How do you explain PBL to families?
The popularity of Project-Based Learning (PBL) has grown significantly with teachers and students, but what about parents? When students walk out of school, do they communicate their excitement about PBL to their families?
Let’s look at some resources for helping parents understand why PBL is so engaging for students.
What do parents think about PBL?
We’ve written at length about why PBL makes for effective and engaging learning opportunities for students. With PBL, students see themselves making a difference in the world around them. PBL empowers students to see themselves as agents of change.
How it worked for one parent
Kelly Story’s son, Ian, is a sixth-grader at Shelburne Community School, in Shelburne VT. Story noticed a change in her son as he worked through an inter-disciplinary PBL unit on revolutions: he began talking to her about them, and he began to see how his own life reflected what he was learning.
“The funny part about it was that we started to get a clue at the beginning of the year that he was studying revolutions because he started to talk at home about basically kind of revolting against his parents…
And we were like, “Huh! He’s really thinking at a different level here about this!”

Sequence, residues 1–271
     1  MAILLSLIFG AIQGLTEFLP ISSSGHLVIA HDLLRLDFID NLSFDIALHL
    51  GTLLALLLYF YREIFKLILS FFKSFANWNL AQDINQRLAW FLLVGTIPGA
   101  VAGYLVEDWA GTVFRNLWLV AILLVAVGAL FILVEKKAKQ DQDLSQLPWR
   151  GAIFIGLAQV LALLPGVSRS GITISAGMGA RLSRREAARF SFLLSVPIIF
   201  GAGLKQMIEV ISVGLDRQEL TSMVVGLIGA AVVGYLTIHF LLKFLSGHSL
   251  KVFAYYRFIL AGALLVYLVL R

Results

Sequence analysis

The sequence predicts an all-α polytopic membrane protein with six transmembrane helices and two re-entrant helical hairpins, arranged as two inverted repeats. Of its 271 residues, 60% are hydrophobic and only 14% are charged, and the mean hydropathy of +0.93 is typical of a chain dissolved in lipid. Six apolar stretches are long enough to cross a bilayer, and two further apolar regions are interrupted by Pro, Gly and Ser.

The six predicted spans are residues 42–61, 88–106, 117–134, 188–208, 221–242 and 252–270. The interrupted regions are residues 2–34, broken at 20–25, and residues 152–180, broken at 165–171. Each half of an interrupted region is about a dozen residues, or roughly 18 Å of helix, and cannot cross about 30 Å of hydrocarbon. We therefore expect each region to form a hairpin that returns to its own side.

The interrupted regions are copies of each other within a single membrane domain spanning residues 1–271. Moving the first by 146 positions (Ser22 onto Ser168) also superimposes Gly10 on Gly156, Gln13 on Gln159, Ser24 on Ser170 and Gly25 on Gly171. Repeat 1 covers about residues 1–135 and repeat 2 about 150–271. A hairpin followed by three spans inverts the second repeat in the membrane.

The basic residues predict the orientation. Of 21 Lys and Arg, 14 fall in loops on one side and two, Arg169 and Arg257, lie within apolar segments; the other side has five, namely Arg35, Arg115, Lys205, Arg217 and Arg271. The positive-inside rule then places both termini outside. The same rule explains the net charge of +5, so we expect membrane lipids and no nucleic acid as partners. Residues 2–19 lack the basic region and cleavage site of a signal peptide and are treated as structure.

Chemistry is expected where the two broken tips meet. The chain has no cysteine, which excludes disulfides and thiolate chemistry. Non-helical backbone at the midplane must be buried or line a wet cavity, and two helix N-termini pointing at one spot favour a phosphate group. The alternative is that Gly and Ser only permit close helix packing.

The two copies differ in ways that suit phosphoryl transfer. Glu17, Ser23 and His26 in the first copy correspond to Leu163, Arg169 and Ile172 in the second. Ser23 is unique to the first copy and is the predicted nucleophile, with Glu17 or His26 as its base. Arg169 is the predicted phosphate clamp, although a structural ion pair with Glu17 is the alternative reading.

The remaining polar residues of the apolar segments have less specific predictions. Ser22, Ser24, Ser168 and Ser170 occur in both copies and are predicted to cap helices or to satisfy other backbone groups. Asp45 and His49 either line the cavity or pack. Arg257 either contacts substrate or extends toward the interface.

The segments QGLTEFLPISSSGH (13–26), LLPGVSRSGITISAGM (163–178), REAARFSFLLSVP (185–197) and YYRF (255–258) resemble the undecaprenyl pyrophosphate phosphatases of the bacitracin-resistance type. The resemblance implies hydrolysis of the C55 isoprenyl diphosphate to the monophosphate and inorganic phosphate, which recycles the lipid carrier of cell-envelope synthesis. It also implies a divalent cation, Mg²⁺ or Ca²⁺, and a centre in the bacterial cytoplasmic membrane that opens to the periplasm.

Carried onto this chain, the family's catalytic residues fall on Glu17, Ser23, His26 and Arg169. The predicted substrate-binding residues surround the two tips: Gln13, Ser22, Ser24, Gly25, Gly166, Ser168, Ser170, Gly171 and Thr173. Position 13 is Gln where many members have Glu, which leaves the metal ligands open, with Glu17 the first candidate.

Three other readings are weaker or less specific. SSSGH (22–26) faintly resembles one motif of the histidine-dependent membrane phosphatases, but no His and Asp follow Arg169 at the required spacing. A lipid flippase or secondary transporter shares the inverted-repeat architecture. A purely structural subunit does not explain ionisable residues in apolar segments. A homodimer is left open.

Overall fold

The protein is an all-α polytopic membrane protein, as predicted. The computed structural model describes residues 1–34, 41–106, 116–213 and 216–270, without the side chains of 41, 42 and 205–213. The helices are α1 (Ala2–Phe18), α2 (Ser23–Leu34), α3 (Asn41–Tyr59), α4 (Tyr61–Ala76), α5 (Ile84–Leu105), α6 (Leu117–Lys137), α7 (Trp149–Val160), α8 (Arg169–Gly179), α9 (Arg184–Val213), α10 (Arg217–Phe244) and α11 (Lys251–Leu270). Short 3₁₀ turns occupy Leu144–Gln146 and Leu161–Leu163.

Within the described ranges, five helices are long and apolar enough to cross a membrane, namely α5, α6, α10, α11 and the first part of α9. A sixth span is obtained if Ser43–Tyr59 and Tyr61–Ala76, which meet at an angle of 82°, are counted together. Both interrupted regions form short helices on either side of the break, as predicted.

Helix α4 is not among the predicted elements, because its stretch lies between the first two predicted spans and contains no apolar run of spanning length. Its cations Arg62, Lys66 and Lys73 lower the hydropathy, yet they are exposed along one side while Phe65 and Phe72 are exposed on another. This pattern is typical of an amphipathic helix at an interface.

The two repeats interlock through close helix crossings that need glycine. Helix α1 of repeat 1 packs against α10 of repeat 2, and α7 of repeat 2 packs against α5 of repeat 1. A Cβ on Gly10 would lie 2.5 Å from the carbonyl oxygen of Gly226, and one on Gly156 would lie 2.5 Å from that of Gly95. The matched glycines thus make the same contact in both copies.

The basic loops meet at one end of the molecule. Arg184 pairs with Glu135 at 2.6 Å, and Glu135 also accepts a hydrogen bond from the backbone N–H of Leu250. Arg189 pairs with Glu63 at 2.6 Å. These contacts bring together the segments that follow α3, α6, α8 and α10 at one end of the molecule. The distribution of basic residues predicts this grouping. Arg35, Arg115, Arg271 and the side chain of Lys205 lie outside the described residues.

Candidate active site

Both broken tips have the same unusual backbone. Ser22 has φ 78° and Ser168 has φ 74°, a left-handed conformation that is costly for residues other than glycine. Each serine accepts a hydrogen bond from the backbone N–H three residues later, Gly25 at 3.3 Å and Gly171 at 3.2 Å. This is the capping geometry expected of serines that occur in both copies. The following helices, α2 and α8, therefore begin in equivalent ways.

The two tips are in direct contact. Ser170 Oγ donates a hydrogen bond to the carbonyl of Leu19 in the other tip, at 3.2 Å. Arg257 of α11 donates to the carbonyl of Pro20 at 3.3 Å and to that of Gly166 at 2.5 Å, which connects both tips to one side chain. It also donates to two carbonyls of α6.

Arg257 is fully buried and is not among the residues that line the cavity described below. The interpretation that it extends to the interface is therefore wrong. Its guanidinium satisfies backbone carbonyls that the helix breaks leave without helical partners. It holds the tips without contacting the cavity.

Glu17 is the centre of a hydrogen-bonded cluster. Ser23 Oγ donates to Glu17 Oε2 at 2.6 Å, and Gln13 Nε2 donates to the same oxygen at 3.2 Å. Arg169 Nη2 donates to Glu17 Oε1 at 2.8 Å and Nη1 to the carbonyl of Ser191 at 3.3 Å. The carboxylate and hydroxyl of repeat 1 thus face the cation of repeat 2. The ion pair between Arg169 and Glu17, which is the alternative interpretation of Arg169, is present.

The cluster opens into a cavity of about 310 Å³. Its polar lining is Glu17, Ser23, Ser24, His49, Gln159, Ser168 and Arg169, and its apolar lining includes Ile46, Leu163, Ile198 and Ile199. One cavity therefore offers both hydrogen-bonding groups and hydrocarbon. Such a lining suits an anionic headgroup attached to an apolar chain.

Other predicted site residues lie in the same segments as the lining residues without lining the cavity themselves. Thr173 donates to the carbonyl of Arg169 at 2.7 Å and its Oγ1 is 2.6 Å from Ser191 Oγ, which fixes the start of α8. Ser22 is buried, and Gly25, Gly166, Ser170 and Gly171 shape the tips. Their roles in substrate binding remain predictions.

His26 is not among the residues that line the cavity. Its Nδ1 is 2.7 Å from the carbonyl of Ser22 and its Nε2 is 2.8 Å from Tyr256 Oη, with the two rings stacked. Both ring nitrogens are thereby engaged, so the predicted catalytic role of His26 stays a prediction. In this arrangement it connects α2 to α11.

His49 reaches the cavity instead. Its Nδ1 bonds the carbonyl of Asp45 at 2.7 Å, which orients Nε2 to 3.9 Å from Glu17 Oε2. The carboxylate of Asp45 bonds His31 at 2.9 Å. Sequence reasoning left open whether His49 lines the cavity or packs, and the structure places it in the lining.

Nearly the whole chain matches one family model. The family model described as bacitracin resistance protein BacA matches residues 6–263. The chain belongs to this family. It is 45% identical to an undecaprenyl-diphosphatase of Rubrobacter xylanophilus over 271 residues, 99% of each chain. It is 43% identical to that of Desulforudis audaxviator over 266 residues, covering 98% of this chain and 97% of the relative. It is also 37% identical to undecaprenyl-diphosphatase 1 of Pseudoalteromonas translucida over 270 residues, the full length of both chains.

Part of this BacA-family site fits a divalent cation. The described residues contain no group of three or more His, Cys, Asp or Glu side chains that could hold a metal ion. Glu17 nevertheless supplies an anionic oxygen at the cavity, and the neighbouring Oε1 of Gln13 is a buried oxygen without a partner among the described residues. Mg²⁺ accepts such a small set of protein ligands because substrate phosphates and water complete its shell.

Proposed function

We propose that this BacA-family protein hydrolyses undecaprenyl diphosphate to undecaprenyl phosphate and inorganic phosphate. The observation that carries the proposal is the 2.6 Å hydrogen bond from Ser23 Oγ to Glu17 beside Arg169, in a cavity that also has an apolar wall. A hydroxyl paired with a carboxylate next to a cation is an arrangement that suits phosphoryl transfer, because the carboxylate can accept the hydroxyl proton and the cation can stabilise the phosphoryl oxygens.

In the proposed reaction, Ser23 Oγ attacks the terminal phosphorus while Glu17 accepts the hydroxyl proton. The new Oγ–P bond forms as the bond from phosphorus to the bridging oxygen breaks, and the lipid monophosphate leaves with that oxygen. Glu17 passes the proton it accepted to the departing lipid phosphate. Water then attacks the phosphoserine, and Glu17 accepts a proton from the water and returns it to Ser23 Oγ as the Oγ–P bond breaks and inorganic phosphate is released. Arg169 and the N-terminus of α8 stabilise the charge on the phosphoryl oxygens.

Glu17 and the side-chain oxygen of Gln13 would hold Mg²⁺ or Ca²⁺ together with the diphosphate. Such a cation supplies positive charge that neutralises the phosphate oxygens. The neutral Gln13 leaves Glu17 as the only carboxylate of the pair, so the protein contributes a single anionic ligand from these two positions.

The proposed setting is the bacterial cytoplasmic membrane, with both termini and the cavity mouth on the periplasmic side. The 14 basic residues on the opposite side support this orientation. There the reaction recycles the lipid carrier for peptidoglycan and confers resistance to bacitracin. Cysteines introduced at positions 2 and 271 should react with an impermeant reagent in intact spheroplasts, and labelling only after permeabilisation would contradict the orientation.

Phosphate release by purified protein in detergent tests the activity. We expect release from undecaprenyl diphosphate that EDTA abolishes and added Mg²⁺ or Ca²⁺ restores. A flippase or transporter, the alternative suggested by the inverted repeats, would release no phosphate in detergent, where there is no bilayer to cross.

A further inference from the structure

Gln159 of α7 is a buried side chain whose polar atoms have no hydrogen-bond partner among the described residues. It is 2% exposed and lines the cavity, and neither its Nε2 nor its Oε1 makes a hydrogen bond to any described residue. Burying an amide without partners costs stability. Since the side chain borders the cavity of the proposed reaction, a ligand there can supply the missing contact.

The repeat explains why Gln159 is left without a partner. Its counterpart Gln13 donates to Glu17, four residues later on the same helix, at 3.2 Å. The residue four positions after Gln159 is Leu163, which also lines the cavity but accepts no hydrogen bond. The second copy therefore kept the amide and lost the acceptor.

Ian went on to ask his mom about attending local political protests, which they then did as a family.
Five project-based learning resources for parents
Here are some resources to help explain to families about PBL’s benefits.
1. “Project-Based Learning: Explained”: an introduction to PBL
If you’re just introducing parents to the PBL concept, share this easy-to-follow explanation of what it is and how it works.
2. A template for communicating with parents about PBL
If PBL is a new experience for parents, they’re going to have questions. Look over these templates for family letters that might help you craft your own communications to families.
3) Edutopia’s PBL Resources for Parents
No one wants to run into the dreaded phrase, “That’s not how I was taught!” Help parents build their own capacity to support learners with Edutopia’s PBL Resources for Parents.
A school without parent and student support is a school not operating with its full resources. Parents, students, and educators all working off of the same assumptions and working toward common goals is the ideal. Communication is a key component to achieving this ideal.
How do you share project-based learning with parents?